Mothercare: “Family Card & App”
Not surprisingly, the children’s goods chain pays close attention to brand loyalty through the use of their new Loyalty Programme: Parents are rewarded with redeemable points (worth €5) just for downloading the Mothercare app. The app keeps payment details (making purchases easier), contains the company’s blog and product reviews, and information on relevant events. Mothercare also has a points system for customers, which the app keeps track of.
Its points system is appealingly simple, with Family Card holders earning 5% back on every €1 spent. Members are also privy to invites to “VIP events,” member-only offers and bonus point promotions.
In addition to redeemable points for every purchase, Mothercare also rewards shoppers for the information they share: “The more information you provide,” says its website, “the more points you collect!”
Boots: “Parenting Club”
To cultivate their relationship with parents, Boots have a “Parenting Club” which offers points, personalised offers (based on previous purchases), expert advice, email correspondence and even free gifts.
Parents are offered 10 points for every €1 spent, which is more generous than the average programme. However, unlike some similar loyalty sub-clubs, this one is strictly finite – lasting from pregnancy until the child is three years old.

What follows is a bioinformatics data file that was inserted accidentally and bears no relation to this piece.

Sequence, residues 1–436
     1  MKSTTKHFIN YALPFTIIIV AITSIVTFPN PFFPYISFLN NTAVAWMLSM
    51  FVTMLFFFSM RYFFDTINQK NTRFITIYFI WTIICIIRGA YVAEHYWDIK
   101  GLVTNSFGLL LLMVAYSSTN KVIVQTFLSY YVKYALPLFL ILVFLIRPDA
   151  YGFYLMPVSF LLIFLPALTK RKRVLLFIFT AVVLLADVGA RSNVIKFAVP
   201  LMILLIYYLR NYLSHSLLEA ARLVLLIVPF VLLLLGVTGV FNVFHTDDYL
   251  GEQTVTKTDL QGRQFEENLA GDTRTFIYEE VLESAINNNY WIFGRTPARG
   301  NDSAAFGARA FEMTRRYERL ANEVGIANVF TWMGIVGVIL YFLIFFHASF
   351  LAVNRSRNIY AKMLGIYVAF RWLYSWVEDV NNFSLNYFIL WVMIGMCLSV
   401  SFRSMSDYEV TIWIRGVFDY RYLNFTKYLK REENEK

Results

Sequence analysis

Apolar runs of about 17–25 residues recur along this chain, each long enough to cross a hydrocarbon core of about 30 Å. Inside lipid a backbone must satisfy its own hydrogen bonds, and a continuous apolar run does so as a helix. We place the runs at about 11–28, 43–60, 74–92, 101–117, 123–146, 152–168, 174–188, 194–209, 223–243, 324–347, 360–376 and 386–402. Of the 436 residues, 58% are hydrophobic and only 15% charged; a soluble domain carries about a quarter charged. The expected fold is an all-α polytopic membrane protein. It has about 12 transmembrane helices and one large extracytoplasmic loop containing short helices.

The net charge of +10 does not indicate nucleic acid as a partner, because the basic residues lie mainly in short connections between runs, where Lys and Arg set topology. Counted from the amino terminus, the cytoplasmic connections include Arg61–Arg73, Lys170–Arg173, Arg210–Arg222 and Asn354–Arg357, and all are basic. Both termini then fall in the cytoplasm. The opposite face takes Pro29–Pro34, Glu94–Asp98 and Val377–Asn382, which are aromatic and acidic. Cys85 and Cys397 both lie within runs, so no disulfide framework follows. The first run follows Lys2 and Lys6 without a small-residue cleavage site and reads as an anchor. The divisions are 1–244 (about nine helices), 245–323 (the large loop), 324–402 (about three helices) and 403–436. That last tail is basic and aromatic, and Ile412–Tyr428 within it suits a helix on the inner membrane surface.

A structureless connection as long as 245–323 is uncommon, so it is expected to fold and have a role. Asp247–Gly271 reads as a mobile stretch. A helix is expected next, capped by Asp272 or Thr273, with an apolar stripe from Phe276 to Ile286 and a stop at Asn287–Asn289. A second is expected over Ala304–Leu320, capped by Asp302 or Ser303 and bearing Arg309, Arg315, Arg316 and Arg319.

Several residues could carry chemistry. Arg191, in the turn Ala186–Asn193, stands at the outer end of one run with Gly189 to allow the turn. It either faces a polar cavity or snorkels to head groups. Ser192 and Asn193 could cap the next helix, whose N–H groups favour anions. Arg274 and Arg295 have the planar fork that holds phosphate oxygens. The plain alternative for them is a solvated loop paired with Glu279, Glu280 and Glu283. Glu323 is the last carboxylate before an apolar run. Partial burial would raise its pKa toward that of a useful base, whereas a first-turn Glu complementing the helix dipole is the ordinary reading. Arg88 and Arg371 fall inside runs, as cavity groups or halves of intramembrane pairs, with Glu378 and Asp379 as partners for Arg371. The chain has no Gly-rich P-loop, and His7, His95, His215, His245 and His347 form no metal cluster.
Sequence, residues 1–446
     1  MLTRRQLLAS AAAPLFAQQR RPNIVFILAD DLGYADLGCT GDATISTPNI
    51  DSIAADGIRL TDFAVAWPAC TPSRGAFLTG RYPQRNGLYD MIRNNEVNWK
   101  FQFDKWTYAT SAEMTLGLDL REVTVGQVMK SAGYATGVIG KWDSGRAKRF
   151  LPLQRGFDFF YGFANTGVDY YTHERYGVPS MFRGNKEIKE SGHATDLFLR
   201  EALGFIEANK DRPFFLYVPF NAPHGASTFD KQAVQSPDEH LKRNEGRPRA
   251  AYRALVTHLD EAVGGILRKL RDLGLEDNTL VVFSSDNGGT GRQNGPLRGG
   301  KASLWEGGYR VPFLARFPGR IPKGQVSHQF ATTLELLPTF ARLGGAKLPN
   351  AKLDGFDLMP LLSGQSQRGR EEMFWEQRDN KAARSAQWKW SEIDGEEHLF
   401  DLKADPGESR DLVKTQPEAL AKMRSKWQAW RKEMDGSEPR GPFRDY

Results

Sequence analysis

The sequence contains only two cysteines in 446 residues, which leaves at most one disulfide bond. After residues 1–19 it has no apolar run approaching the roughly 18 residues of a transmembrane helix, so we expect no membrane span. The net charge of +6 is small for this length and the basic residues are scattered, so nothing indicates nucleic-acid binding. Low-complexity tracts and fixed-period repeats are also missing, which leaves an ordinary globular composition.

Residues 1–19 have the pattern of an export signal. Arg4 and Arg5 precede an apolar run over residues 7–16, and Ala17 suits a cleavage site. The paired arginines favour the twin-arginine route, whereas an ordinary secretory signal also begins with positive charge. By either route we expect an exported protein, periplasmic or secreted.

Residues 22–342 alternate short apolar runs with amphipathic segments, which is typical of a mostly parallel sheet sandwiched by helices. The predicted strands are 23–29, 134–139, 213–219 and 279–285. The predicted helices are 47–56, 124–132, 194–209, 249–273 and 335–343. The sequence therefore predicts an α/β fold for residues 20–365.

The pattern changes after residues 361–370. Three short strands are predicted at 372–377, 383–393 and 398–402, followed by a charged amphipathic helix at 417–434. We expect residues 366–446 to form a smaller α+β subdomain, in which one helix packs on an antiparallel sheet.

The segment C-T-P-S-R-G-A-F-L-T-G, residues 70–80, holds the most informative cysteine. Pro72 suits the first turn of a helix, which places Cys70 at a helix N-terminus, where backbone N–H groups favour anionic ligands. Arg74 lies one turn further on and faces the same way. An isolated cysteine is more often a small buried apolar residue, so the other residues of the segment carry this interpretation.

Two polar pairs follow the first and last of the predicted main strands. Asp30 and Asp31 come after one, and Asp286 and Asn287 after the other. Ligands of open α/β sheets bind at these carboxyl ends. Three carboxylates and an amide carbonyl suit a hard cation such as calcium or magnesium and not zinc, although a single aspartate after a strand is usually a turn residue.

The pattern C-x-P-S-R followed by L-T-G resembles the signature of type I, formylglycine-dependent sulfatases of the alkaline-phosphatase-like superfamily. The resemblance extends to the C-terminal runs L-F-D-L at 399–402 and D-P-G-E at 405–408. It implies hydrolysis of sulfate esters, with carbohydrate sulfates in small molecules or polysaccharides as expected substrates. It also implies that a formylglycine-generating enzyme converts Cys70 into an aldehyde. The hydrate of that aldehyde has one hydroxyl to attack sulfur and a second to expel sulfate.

Tesco: “Baby Club”
The Tesco Clubcard is practically iconic, but their loyalty programme extends to parents too, with lavish competition prizes (such as €1,000 baby goods hampers), €12 off the first shop over €60 and tailored and speculative offers based on shopping habits.
Tesco also frequently maintains and updates its blog, advising parents on every step of their journey (with the conversation beginning during early pregnancy). Useable advice and friendly communication help to maintain a pleasant relationship between a business and its customers.
Mums can also take advantage of the Tesco Boost Partners where they get four times the value of their Tesco vouchers to use with Boost Partners, e.g. Dublin Zoo, Milanos or Bowling Buddies – a great way for them to spoil the family.
Aptimil and Cow & Gate – “Apticlub” and “C&G Babyclub”
Both of these formula providers take a similar approach to customer loyalty; focusing on providing a steady stream of advice, news on parenting trends and interactive communications. Indeed, Aptaclub offers a live chat online for parents.
Loyalty Programmes: Building Relationships
People love value for money, but when it comes to loyalty programmes; that’s only part of the story. Whether they’re wandering the shop aisle, or interacting with friends, people like to feel valued.
All of the loyalty programmes mentioned above – and any successful one for that matter – invest in communication: It starts with blogs or other content; then it expands to sharing advice, meeting customers, asking for their view and encouraging parents to communicate with one another.
Throwing money at a programme (in the shape of discounts, gifts and vouchers) is appealing to customers and tempting for businesses. But – just like in everyday life – people feel most valued when they know they’re being listened to and talked to with care.